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IRWIN ARMY COMMUNITY HOSPITAL

IACH Informer
Issue 7 April 2006

Women’s Health Center Opens with First Baby Born,


April 28, 2006
Irwin Army Community Hospital (IACH) an-
nounces the opening of their Women’s Health Cen-
ter with the birth of its first baby on April 28. The
daughter of Spc. Benjamin Storm and Leah arrived
via caesarian delivery at 8:23 a.m.

Spc. Storm, entered the Army in 1999, and serves as


a light wheeled vehicle mechanic assigned to F
Company, 6-10, Base Support Battalion. Having
been previously deployed during the birth of his
first daughter [he] was overjoyed to be present for
this latest addition to his family.

Having arrived at Fort Riley in February, Leah was


overheard to say she absolutely loves it here. Dad
states, “My wife and I, while we were living in Ger-
many, watched the construction of this wing on the
Registered Nurses Erika Walker and Lenece Anders, assisted by Maj. Gen. and Armed Forces Network. We never imagined we’d
Mrs. Hardy, present Spc. Benjamin Storm and wife with a gift basket. be the first to have a child here.”

He continues, “The medical staff was great. The baby had a little problem at birth. The staff moved quickly, so the little problem
didn’t become a big one.” We couldn’t be happier with the care we’ve received.”

Caldwell Clinic
Irwin Army Community Hospital announces the opening of the Caldwell Clinic, scheduled for May. The Family Practice Clinic
will provide its patients with a family environment, concentrating on continuity of care.
Maj. Carla Crouch, Project Officer states, “a smooth transition is planned, whereby patients will continue with the same provider
group. The benefit of the move into the clinic is in part, location. Located at Bldg 7665, the Caldwell Clinic will assure easy access
to those patients living on the hill. Two providers will initially move to the clinic, with an additional two to follow by the end of
June.
Crouch continues, “Our goal is to improve on continuity of care, with patients assured of seeing a provider within their team at
each visit. The civilian-like atmosphere and the designated children’s waiting area are other pluses.”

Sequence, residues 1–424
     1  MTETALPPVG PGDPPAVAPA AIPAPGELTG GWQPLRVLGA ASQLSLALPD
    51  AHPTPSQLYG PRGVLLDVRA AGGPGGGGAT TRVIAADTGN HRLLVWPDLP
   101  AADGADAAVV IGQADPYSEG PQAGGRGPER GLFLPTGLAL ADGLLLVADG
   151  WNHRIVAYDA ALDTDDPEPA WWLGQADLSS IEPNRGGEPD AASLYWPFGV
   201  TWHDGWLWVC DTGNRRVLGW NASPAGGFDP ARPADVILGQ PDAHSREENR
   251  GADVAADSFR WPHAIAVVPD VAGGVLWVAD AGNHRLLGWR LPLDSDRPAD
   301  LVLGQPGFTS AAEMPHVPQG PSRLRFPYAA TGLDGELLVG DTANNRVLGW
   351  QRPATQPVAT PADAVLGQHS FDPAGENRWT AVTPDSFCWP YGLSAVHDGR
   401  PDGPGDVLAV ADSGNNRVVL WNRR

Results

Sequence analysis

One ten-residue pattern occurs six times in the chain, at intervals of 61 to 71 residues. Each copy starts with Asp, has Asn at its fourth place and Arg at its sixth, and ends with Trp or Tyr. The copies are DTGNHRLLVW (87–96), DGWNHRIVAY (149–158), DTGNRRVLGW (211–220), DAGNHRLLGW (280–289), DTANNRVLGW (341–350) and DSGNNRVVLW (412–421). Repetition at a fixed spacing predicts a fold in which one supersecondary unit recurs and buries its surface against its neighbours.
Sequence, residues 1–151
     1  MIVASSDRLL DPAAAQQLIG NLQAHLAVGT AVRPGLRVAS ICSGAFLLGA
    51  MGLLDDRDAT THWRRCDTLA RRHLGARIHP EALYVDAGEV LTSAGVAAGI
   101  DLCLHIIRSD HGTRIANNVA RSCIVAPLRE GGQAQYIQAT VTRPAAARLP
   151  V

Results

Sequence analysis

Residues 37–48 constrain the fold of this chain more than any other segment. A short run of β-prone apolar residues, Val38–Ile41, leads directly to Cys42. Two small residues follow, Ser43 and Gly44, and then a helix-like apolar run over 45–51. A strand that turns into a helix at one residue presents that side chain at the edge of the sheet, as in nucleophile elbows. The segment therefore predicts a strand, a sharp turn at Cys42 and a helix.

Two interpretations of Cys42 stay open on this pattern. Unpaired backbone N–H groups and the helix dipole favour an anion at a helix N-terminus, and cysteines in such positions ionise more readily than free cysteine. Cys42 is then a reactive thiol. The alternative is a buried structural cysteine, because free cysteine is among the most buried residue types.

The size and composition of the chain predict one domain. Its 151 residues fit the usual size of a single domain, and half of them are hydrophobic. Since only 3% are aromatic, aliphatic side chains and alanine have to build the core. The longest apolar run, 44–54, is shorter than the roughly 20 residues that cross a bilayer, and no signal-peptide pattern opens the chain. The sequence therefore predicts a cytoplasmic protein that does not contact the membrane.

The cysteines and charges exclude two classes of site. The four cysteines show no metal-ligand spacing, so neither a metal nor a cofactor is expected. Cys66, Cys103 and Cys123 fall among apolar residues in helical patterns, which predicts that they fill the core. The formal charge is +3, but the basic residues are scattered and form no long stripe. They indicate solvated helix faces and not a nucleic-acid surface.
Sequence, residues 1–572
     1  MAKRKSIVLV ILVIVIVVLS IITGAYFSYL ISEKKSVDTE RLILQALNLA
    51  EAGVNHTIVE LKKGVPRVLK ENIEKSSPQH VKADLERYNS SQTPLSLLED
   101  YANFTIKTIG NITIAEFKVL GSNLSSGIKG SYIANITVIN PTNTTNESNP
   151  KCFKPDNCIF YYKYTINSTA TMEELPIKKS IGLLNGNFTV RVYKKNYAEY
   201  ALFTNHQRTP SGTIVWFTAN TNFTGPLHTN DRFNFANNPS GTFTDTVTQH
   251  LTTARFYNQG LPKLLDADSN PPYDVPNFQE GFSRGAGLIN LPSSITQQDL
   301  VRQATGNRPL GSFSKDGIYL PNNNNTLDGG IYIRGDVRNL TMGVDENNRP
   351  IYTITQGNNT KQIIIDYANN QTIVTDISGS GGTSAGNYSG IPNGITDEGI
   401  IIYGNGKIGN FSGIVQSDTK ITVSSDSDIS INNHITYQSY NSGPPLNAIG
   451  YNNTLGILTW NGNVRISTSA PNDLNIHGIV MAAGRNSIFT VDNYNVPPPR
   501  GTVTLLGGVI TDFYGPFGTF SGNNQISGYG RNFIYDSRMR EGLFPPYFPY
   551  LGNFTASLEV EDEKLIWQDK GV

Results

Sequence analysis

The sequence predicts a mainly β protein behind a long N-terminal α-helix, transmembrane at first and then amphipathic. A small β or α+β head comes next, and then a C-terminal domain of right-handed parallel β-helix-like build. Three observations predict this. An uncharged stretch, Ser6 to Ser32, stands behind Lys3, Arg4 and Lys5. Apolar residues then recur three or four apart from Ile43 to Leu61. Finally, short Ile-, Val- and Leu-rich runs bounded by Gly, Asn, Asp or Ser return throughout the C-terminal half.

Once transition is made, patients preferring to continue appointments within IACH, or those who are not initially assigned to the
Caldwell Clinic will be afforded the opportunity to change sites as space is available. Medical records will be maintained on site for
patient’s convenience. Letters explaining in detail the move and availability of services will be mailed shortly to those fortunate pa-
tients affected by the move.

In recognition ofMedical Laboratory Week ( April 23—29) the personnel of IACH’s laboratory invited our
patients to attend a social in their honor from 9:00 a.m. to 3:00 a.m. on Wednesday, April 26. Refreshments were served, and
displays on hand as educational tools for our patients.
PAGE 2 I A C H I N F OR ME R IS SU E 7

Irwin Army Community Hospital has optometry appointments


available for family members and retirees. To schedule an appoint-
ment call 239-DOCS (3627).

Mumps—Treatment and Prevention


By Pete Wiemers, Community Health Nurse

Mumps is a disease caused by a virus that usually spreads through saliva and can infect many parts of the body, especially the
parotid salivary glands. These glands, which produce saliva for the mouth, are found toward the back of each cheek, in the area
between the ear and jaw. The well-known hallmark of mumps is swelling and pain in the parotid glands. Cases of mumps may start
with a fever of up to 103 degrees, as well as a headache and loss of appetite. The glands usually become increasingly swollen and
painful over a period of 1 to 3 days. Symptoms appear in the first week after the parotid glands begin to swell and may include: high
fever, stiff neck, headache, nausea and vomiting, drowsiness, convulsions and other signs of brain involvement. Children usually
recover from mumps in about 10 to 12 days. It takes about 1 week for the swelling to disappear in each parotid gland. Because
mumps is caused by a virus, it cannot be treated with antibiotics.

Mumps in adolescent and adult males may also result in an inflammation of the testicles. Usually one testicle becomes swollen
and painful about 7 to 10 days after the parotids swell. This is accompanied by a high fever, shaking chills, headache, nausea, vomit-
ing and abdominal pain. When mumps involves the testicles, the doctor may prescribe stronger medications for pain and swelling
and provide instructions on how to apply warm or cool packs to soothe the area and how to provide extra support for the testicles.

The mumps virus is contagious and spreads in tiny drops of fluid from the mouth and nose of someone who is infected. It can be
passed to others through sneezing, coughing or even laughing. The virus can also spread to other people through direct contact, such
as picking up tissues or using drinking glasses that have been used by the infected person. It is important to use good hand hygiene.
Family members should wash their hands after each contact with the child that has mumps. People who have mumps are most
contagious from 2 days before symptoms begin to 6 days after they end. The virus can also spread from people who are infected but
have no symptoms.

Mumps can be prevented by vaccination. The vaccine can be given alone or as part of the measles-mumps-rubella (MMR)
immunization, which is usually given to children at 12 to 15 months of age. A second dose of MMR is generally given at 4 to 6
years of age, but should be given no later than 11 to 12 years of age.

If you think that your child has mumps, call your child's doctor. Monitor and record your child's temperature. You can use non-